And even with their harsh criticisms, President Obama’s numbers were actually pretty good: ABC (3.1/8), NBC (3.1/8), CBS (3.0/8), and FOX (2.2/6). (The first number is the rating, the second number the share.)

Let’s be fair to Obama: he ended right around 9 p.m. EST, so networks could go straight to their programming. The networks did a hurried reaction to the press conference because they were frantic to start entertainment programming.

The programs on NBC and FOX airing immediately after the press conference at 9 p.m. EST only did slightly better than the conference itself. In fact, Medium on NBC at 10 p.m. EST drew worse numbers than Obama.

Now, some of those numbers are thrown off since while the press conference aired live across the country, only the Eastern and Central time zones saw the conference in prime time. Prime time for viewers in the West wasn’t affected by the press conference.

Clearly, broadcast networks still have an important role in providing events such as this. Despite the influx of cable news channels and the Internet, 75% of those who watched the press conference Monday night on a television did so on an English over-the-air broadcast station. Even with cable as an option, the networks are the destination.

But there is a solution that might make everyone happy. Networks want to broadcast their shows, people want to watch presidential press conferences on broadcast TV, and citizens want to make sure democracy thrives on public airwaves that they own.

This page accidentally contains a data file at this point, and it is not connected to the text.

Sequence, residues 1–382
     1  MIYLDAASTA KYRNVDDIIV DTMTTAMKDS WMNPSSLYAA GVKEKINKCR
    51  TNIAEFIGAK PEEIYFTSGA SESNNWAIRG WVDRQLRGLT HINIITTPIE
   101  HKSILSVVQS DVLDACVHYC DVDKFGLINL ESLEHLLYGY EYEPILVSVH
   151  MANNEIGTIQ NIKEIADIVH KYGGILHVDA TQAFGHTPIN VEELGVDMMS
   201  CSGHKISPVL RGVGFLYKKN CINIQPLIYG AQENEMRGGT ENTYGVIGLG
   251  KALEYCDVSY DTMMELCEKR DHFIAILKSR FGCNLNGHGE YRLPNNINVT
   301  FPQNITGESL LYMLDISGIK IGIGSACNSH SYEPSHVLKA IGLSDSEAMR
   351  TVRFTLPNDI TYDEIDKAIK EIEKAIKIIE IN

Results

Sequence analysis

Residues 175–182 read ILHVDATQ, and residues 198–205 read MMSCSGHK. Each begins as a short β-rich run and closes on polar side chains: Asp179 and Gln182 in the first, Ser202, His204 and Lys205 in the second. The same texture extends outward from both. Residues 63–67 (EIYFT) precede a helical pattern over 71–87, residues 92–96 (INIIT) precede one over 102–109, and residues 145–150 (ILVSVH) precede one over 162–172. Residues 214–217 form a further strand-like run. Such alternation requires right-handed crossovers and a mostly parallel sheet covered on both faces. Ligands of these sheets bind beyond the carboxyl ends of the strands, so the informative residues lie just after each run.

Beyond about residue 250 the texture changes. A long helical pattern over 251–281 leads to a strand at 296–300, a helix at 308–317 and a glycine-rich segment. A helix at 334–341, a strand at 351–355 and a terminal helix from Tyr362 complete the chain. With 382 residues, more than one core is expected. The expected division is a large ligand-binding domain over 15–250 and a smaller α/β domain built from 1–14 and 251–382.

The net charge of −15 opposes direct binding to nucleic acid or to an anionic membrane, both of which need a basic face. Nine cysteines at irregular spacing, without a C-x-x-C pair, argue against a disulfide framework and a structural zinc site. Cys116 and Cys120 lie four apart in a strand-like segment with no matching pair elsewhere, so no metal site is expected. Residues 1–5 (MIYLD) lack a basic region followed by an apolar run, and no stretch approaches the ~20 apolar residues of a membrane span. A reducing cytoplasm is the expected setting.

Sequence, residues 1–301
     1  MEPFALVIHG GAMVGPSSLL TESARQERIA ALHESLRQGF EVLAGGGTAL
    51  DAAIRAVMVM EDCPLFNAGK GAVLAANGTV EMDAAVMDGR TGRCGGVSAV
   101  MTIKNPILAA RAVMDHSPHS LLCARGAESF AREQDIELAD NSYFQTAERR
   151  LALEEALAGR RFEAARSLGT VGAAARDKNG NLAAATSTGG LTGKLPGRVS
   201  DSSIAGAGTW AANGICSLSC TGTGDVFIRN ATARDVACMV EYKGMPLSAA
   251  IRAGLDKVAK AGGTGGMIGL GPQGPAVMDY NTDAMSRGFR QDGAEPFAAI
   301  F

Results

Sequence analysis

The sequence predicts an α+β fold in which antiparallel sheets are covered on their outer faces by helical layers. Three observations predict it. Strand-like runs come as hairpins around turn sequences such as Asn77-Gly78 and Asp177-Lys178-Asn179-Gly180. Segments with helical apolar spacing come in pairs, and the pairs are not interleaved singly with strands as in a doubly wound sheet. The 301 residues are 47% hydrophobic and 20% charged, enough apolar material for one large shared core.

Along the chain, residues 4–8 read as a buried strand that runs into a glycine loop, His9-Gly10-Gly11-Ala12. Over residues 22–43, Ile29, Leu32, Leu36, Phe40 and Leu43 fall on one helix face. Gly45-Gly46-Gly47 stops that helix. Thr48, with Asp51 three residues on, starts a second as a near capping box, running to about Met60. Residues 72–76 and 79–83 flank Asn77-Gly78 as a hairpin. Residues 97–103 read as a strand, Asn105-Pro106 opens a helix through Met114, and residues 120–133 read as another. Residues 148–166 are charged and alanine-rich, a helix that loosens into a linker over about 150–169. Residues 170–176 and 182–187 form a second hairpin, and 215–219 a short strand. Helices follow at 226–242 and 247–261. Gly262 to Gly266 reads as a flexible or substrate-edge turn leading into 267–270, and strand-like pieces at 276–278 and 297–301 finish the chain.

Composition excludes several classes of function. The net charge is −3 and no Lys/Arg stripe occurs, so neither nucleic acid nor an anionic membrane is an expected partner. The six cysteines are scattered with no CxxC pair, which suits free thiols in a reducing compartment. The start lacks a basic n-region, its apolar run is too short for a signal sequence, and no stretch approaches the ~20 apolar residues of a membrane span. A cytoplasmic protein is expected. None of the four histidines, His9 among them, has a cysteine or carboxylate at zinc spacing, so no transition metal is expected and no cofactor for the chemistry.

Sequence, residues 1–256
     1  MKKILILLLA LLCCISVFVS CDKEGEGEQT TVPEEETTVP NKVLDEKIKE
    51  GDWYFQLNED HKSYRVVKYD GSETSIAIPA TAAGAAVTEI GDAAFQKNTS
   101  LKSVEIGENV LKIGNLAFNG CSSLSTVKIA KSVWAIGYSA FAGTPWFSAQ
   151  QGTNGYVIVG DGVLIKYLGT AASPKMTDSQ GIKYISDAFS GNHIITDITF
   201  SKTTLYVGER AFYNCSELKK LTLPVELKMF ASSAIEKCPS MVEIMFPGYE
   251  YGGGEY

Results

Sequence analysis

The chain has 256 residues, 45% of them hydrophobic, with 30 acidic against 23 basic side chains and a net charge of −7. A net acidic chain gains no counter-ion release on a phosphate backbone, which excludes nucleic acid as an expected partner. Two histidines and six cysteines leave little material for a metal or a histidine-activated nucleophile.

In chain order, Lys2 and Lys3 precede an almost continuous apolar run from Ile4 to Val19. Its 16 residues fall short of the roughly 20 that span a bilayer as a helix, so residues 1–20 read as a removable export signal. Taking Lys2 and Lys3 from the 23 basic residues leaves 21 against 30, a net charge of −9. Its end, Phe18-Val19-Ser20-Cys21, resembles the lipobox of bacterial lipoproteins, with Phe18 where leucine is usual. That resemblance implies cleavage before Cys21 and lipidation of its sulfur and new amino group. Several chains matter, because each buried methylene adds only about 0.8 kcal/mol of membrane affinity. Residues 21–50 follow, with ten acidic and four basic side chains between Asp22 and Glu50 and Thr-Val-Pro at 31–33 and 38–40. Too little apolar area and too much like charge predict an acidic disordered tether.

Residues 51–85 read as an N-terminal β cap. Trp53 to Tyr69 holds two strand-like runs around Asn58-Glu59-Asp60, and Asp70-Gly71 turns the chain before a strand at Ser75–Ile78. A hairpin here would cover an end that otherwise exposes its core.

Digital TV allows you to broadcast on at least 4 different signals. So using an example in Chicago, the ABC station could broadcast the reality show “True Beauty” on 7-1, and the Barack Obama presidential press conference on 7-2. Cable companies should be required to carry all secondary digital signals as part of the basic cable package (though most probably do this right now).

If broadcast stations were encouraged, or perhaps even mandated, to utilize more of their airwaves for news and information, while still being able to show their crappy prime time programming, then all tastes are being satisfied.

Right now in Chicago, CBS and FOX don’t air a secondary channel. Perhaps the situation is better in smaller markets, but the broadcast stations would have to step up to pull that off. As far as the network’s profit margin, once they have multiple digital TV channels, running a presidential press conference costs them pennies and provides the people so much.

With analog TV, television stations had this quandary over entertainment vs. news programming. Now with digital TV, they don’t have to make that choice. And we get a choice: news or entertainment. Sounds like a much more democratic way to utilize our public airwaves.

Elaborate breakdown of Nielsen numbers from Monday night

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Written by democracysoup

February 11, 2009 at 10:47 am

Posted in Uncategorized